Rise in phishing scams related to the Russian invasion of Ukraine

Researchers at email security firm Tessian have observed an upward trend in the number of suspicious emails being flagged related to Ukraine.

Email campaigns started to appear just one day after the initial invasion by Russia, with scammers taking advantage of the crisis by using impersonation techniques to dupe people into donating to fake organisations.

In fact, Tessian found that the number of new domains containing “Ukraine” registered in 2022 was up 210% from 2021, with an average of 315 new domains observed per day since February 2022. Over three-quarters of these domains (77 percent) were found to be suspicious.

In the specific cases that Tessian researchers discovered, they found a new scam whereby threat actors impersonate legitimate organisations like the Red Cross to direct users to send cryptocurrency payments via a fraudulent QR code.

One of these scam emails claims to be supporting the humanitarian aid effort in Ukraine and requests Bitcoin cryptocurrency donations. Legitimate website, text and logos from the likes of UNICEF, Actalliance and the Australian Council for International Affairs (ACFID) are being fraudulently leveraged to enhance the authenticity of phishing emails.

One threat campaign purporting to be a legitimate humanitarian aid effort for Ukraine from the ACFID requests Bitcoin donations and allows victims to make the donation via a direct Bitcoin address or via a malicious QR code.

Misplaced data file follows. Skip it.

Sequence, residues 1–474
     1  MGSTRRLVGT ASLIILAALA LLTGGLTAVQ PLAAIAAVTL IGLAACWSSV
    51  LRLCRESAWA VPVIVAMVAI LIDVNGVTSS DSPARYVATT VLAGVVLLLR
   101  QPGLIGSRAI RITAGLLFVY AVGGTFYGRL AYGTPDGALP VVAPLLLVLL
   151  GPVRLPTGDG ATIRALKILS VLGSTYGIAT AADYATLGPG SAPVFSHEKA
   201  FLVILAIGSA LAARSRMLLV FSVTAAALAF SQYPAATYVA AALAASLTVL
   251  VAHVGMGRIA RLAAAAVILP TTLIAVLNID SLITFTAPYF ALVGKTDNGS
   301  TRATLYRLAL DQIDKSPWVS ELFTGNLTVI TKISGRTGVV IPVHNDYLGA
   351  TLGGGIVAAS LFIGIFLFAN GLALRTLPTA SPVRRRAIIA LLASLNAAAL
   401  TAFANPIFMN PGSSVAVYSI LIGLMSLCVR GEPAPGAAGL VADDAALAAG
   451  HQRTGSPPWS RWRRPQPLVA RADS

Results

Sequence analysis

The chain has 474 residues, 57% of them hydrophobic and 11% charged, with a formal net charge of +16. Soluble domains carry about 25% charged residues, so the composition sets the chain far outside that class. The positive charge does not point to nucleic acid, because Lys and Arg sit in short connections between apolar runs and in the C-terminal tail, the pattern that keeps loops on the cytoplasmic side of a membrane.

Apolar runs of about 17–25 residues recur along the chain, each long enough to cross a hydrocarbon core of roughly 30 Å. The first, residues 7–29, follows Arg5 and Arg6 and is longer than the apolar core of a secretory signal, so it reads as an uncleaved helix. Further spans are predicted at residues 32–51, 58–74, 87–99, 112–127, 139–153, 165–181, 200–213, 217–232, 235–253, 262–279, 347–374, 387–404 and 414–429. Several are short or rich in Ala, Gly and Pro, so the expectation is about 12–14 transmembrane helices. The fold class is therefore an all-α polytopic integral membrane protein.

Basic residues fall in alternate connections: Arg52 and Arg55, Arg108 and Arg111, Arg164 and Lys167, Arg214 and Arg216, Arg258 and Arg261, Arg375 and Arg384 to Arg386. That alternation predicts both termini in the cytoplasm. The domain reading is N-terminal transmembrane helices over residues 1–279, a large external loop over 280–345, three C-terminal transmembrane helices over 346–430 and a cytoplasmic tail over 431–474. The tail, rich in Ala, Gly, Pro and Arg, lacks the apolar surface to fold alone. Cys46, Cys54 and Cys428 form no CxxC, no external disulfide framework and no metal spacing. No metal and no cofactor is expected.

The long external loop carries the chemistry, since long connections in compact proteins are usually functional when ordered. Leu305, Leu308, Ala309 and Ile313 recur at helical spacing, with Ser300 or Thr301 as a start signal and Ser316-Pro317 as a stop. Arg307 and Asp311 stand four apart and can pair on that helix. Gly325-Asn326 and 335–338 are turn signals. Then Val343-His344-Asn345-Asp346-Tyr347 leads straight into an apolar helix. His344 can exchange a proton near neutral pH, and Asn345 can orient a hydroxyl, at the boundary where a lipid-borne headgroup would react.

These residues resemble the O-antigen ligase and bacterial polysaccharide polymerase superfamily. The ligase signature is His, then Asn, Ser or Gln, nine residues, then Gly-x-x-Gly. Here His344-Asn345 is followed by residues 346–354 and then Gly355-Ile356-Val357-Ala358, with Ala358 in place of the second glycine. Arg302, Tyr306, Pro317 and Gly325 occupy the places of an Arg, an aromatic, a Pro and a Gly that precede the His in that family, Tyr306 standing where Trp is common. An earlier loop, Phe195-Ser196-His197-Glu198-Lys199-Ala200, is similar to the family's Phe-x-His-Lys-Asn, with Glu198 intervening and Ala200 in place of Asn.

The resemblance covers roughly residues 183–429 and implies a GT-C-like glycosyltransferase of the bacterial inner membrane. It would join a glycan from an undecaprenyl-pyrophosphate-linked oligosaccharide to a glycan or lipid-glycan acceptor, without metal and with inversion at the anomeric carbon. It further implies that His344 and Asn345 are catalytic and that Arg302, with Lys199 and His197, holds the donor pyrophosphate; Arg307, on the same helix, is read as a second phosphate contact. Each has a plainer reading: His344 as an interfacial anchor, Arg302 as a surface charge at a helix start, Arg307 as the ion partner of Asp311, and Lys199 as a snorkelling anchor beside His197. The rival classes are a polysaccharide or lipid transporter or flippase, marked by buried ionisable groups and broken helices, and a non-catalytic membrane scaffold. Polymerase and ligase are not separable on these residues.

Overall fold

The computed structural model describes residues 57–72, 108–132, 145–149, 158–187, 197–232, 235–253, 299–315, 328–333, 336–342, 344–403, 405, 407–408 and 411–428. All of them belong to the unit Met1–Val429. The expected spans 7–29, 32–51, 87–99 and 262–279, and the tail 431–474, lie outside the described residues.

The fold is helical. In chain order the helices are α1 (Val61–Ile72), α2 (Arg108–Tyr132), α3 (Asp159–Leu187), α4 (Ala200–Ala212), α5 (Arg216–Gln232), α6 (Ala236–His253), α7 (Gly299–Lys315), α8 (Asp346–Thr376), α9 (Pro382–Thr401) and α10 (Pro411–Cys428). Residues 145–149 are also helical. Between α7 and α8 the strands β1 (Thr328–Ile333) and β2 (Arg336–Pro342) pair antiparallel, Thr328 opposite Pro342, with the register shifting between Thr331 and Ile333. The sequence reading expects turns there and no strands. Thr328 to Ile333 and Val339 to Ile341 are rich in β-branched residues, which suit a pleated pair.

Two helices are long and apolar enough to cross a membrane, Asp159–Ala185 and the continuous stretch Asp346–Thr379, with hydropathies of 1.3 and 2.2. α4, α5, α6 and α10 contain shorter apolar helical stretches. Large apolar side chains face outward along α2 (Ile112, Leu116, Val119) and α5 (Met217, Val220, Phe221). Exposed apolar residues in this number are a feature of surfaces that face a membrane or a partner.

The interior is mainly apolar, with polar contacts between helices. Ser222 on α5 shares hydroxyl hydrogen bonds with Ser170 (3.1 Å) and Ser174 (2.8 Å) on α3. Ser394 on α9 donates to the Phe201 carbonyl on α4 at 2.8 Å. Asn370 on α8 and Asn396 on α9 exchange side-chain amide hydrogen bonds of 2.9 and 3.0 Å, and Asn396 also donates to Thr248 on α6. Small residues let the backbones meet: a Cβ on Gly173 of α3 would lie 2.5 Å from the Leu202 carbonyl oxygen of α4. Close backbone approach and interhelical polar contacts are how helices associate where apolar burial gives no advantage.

Additionally, Tessian uncovered an upward trend in the number of Ukraine-related emails flagged by its advanced phishing detection solution, Tessian Defender, with the biggest spike occurring in the first week of March. Spam campaigns started to appear only one day after the initial invasion by Russia.

Charles Brook, Threat Intelligence Researcher at Tessian comments: “While there are certainly many legitimate organizations that do accept cryptocurrency donations, it’s important to be cautious of any email requesting donations – especially if it’s unsolicited. People need to be extremely cautious of any email purporting to aid or receive donations in an effort to support the humanitarian effort in Ukraine.

“Before engaging with any Ukrainian themed email, or website which you have not used before, always cross-verify its authenticity, check the email header, and even reach out to officially verified sources on Twitter to confirm its authenticity before taking any further action.”